It’s funny that when I was writing my book, “How to Move to Kona”, I was catching flack for enticing people to move here. I think Hawaii Life and Building Hawaii have sparked WAAAAY more interest in moving here than my book has! There are not that many “apartments” to live here and most of them are in places you would not want to live in. There are some condos you can rent or an ohana (living in a small rental space underneath a single family home) You could probably live alone and small for $1000 a month. If you could swing buying a condo, you would not be consistently kicked out when the seller decided to move back in or a family member needs a place to live. I have had quite a few friends having to keep looking for housing in Kona when that happens, and it does. If you would not mind working a job that does not pay very much ($12 an hour is a decent job here for retirees), you could probably make it if you also have social security and some savings. Read my book…it has great advice!

  • Nick kaufman says:

    Thank you for all of the incredible info viz life on the big island! I’m thinking about relocating to your paradise with my five year old son, and was wondering if you could point me in the direction of any good info regarding schools….I’ve googled endlessly and quite a few people say steer clear of the public schools…is this true? My son is in an amazing public school now after starting off in a Waldorf preschool and I find that it’s less a matter of public vs. private and more a matter of family/ teacher participation/ passion that makes schools work…any help would be greatly appreciated!:) we are looking at the kona area – are there any schools in particular you would recommend? Thanks so much!

    • Nick-Check out Kona Pacific Public Charter School. It has a Waldorf and mainstream curriculum and it sits on 40 acres. My kids enjoyed being there and I loved the school community.

  • Rose says:

    “Frugality” , not “frugalness”

      • Pumehana says:

        I just wonder why no one informs newly transplanted people about losing the mainland attitudes… Learn humility, learn the culture of Hawaii, the ways of the people…stop trying to change Hawaii to become something that you just ran from…Kailua-Kona never looked like how it does now…Sooo many people, streets, lights, stores….more, more, more,,, Seems thats what everyone wants…
        I asked a local when I first moved here.. What can I do to learn about the people, culture, etc.. I was given the best advice… “Keep your mouth shut, observe the people, food, language, listen. really listen to the things locals speak of” Sooo often people just assume..Please don’t do that… Until you have lived here for some time and learned the intricacies of the places, people, islands of Hawaii, you Do Not Know!… Be humble, take the time to ask and learn… (arrived in 73 and still here…happily co-existing..

        • I wrote my book, “How to Move to Kona” and my first chapter highlighted exactly that issue. I will admit..I was like everyone else coming from California and thought Kailua Town needed to “be renovated and cleaned up”. It was a Hawaiian who basically said exactly what you wrote..”if you liked it so much in California, why don’t you go back?” And quite a few locals pointed out that you can’t find Kona town anywhere else in the world..where California strip malls and updated shopping districts are a dime a dozen. I shut up, listened and learned. Thank you for this and I hope you don’t mind if I use it as a quote in a future post about “Listen First, Construct Later”. Mahalo!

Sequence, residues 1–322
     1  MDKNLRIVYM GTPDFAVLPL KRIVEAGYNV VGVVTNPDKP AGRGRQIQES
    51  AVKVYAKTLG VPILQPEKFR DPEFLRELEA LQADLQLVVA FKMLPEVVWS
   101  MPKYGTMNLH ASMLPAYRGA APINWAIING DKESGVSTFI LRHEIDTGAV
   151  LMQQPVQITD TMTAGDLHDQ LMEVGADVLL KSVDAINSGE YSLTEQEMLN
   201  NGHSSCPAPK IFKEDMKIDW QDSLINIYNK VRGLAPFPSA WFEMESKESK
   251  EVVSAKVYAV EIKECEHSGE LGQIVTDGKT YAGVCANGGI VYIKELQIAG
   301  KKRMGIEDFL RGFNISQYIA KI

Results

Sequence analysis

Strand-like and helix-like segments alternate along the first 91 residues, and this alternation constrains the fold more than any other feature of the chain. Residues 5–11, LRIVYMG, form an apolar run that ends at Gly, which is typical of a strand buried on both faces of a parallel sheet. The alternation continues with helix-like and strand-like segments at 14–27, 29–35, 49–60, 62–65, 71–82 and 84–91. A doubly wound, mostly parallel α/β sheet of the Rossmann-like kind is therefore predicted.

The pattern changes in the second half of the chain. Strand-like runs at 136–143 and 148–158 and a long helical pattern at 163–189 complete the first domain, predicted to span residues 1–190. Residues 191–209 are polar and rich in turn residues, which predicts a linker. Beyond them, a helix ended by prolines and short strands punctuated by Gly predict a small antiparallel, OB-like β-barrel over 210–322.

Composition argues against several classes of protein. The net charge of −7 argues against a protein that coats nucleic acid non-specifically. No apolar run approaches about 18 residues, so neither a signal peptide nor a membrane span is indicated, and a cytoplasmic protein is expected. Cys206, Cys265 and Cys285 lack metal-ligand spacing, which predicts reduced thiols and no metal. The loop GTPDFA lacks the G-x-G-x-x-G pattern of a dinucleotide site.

• Pumehana says:

            Mahalo Nui for the reply…most locals now call Kailua-Kona, Konafornia… It has already become a little California… such a shame..it used to be a sleepy little fishing village where people could come to relax, enjoy a different people and way of life… Many celebrities USED to visit because no one would bother them there… I say there as I got tired of seeing Kailua-Kona being transformed, (I also came from California).. ugh..Moved to Hilo…lol

            Just one last request… If you have been here some time, I am hoping you know how important a name is whether it be the name of a place, a thing, or a location.. The name has a meaning behind of it..or a mana attached… Please be aware of this as Kailua-Kona is… Kailua-Kona…not KONA…again, mahalo

          • Just wanted you to know that I have been using Kailua Kona as much as possible in my blogging! Mahalo!

  • George Smith says:

    Something to bear in mind, especially for retirees; medical care in Hawaii nei is seriously lacking. Even if you can find a specialist on Oahu (I was turned down for treatment by three), by the time you fly, rent car, book hotel, meals etc.,myou may as well gomto a specialty center on da mainland.

    In fact I am writing this from Whitefish, Montana ehere I came for a total reverse shoulder replacement. While here, my wife is having catarct correction on both eyes.

    ‘Medical Vacation’, indeed.

  • George Smith says:

    Remembered another cavaet. Auto warranties. Don’t know about their other marques, but Servco doesn’t honor Subaru factory or aftermarket warranty plan.

    Brand new Subaru? Gold standard lifetime warranty? SOL! And SOA (Subaru Of America) can’t do a thing about it.

  • Mike says:

    Growing up in Hawaii, I used to visit the mainland and think how much cheaper it would be, but I moved there years ago and found it to be more expensive. Heating for one. Now on the big island, we are 100 per cent solar power and it’s actually a lot cheaper than elsewhere. Gas is about the same as California, but the big-box stores are basically the same prices as the west coas (Costco, Target, Walmart, KMart, Ross and Amazon) so it’s not really more expensive anymore. Used to be, before these stores. True no big salary jobs, but you need a lot less as the article says. We eat local style, so healthier and better tasting, but if you try to eat the same things you ate on the mainland, they are gonna be more because they are imported. We shop for veggies at the farmers market, grow some of our own, and I’m sure our monthly budget is less than if we lived a similar lifestyle in Seattle or Portland. Plus, all the best things in life are free here: lower crime, friendlier neighbors, perfect weather, the best coffee, no horns honking, easy-going lifestyle, empty parking lots, no traffic, and the best beaches in the world (if you can find them with your 4×4 without any signs).

    • Thanks for your feedback Mike. Shifting your diet, need for a nice new car, travel off island..its all a tradeoff to make it work in Hawaii. Thanks for your insights! Good ones!